We have 3 Stratasys FDM printers. We use the polycarbonate material to print form blocks and use them to form sheet metal into different shapes. All of the industrial FRC’s use FDM printers in their work. Metal powder bed and nylon powder bed technologies are also being used in other facilities but not yet at Cherry Point. We have many off-aircraft AM applications such as support equipment, jigs and fixtures, and chem-mil templates, drill guides, form/fit models, visualization models, etc. and we use our FDM printers for all of these.
Beyond these conventional uses of AM there is a high level of interest in using AM materials and processes to make part substitutions for obsolete and hard to procure parts, not only in NAVAIR but throughout the DOD. There are many challenges to considering an AM part substitutions, not the least of which is that much of our engineering data is not in digital form. Many of our older aircraft platforms were designed completely by blueprint before the advent of CAD systems. So any digital design or manufacturing process has to begin with converting the 2D blueprints to 3D data.
One of the motivations driving the interest in AM part substitutions on-wing is that the supply base for many of our legacy platforms has shrunk, making spare parts harder to procure. The companies that used to make parts have either gone out of business, they have decided it’s no longer profitable to make the parts, the tooling has been scrapped, or any other of a host of reasons. It then falls to depots such as FRC-E to be the manufacturers of last resort. As a result, we are a huge job shop. We have many thousands of components that we deal with, and when we have to manufacture something the quantities are very small. So it’s a tremendous challenge to corral all of the resources required for any given component. We also have to answer questions about airworthiness and flight criticality where there isn’t any room for compromise. In other words, our efforts to use any AM process to make part substitutions, be they non-flight critical or flight critical, are proving to be challenging and we are working through all of the many aspects. Fortunately, the OEMs have done the work to put AM parts on their aircraft. Those AM solutions are slowly coming into the public domain, making them available for use by other organizations. Taking this information and applying it to FRC-E and NAVAIR aircraft will help as we move forward.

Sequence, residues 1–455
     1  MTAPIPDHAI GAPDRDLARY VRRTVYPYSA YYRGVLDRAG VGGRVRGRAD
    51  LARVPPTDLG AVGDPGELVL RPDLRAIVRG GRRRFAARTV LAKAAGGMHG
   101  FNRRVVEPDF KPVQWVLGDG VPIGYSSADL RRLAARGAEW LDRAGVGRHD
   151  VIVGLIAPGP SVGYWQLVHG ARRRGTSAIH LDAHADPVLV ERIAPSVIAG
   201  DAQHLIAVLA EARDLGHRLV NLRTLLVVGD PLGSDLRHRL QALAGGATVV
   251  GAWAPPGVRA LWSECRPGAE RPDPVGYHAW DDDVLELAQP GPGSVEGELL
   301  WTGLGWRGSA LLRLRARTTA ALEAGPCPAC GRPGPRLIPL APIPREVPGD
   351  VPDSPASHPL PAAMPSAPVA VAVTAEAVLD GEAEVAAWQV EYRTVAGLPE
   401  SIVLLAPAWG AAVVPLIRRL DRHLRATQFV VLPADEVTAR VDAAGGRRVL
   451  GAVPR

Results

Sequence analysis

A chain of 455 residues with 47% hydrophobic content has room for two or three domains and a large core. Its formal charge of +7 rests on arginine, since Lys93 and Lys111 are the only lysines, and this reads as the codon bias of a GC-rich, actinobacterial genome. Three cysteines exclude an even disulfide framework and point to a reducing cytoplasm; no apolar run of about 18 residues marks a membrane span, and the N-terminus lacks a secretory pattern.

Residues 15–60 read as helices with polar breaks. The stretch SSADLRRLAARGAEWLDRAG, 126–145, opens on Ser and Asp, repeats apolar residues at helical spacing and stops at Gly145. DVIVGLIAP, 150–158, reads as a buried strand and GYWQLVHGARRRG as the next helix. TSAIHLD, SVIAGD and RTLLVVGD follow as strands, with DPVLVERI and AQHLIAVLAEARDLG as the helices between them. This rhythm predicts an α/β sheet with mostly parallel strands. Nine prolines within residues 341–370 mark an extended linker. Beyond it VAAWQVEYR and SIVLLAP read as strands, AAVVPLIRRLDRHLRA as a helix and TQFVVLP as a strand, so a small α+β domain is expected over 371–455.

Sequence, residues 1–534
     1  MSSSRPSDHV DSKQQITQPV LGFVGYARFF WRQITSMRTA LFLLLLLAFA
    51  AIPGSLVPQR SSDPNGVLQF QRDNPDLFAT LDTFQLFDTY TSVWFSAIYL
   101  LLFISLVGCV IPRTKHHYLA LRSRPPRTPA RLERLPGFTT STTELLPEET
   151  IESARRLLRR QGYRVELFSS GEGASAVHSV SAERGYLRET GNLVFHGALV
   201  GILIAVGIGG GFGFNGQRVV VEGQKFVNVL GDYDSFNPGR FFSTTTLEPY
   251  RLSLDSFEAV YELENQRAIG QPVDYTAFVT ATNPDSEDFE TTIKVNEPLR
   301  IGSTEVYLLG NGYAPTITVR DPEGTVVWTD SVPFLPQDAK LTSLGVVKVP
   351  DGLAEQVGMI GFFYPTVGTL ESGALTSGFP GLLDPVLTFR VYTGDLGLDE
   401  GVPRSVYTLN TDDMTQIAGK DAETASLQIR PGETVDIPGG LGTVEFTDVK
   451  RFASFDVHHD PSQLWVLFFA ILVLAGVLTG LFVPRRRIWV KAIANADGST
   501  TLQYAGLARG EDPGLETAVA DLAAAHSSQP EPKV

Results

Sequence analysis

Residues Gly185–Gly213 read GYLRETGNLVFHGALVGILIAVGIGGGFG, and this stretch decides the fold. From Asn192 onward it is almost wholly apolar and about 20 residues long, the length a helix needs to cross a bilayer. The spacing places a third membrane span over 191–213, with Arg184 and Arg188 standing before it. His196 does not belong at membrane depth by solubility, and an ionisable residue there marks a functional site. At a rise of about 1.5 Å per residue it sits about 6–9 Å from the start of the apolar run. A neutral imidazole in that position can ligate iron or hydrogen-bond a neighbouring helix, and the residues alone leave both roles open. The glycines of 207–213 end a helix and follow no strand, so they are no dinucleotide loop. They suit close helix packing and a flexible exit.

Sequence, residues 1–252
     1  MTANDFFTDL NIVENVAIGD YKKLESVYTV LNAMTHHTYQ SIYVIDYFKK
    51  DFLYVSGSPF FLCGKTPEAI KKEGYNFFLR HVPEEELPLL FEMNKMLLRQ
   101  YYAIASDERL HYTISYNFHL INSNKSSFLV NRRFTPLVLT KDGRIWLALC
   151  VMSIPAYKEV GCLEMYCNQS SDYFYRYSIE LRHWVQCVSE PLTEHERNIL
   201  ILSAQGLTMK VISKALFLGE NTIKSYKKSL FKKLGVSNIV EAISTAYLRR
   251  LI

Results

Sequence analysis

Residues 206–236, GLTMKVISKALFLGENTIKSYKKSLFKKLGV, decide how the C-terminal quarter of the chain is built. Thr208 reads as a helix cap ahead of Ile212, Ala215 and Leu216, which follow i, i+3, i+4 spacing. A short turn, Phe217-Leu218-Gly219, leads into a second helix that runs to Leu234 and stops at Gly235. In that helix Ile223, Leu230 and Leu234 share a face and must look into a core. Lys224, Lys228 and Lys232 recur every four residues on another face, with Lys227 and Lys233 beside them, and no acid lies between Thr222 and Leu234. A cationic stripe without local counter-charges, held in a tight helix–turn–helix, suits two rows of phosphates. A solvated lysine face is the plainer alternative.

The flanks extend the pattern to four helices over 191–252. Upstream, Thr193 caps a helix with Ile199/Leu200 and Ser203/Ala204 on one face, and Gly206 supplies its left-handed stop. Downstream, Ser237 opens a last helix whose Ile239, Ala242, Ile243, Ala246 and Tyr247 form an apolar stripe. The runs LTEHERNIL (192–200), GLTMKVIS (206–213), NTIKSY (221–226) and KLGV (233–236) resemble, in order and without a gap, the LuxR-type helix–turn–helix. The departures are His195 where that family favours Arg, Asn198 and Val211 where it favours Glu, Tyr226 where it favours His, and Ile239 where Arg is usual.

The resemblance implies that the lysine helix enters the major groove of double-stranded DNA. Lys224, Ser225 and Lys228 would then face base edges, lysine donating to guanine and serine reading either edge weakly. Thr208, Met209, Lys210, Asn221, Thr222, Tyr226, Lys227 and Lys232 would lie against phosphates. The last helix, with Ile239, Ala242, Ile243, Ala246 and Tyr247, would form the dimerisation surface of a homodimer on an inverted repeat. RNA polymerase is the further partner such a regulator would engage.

Where do you see this going over the next few years?
FRC-E’s AM applications are limited by the size of the largest printer we operate, all other things being equal. So we have some research going on with large format 3D printers. These systems print tooling shapes by melting and extruding pellets of thermoplastic material instead of the thermoplastic filament on our current machines. This makes it possible to extrude the material faster and over a larger area. We are looking at solutions ranging in size from 10’ x 10’ x 5’ and larger. FRC-E applications for these printers are for sheet metal forming and layup of composite materials. Some of our OEM’s are using large format printers for their tooling applications as well. Other tooling applications are in the marine and wind turbine industries.
We are also looking at laser-based additive repair solutions that build up material onto that substrate and machine it to print. This process can restore worn surfaces on engine components.
Join us on February 28th in Kinston, NC to learn more about 3D printing technologies and use cases in the Department of Defense and to hear Doug in person. Register today!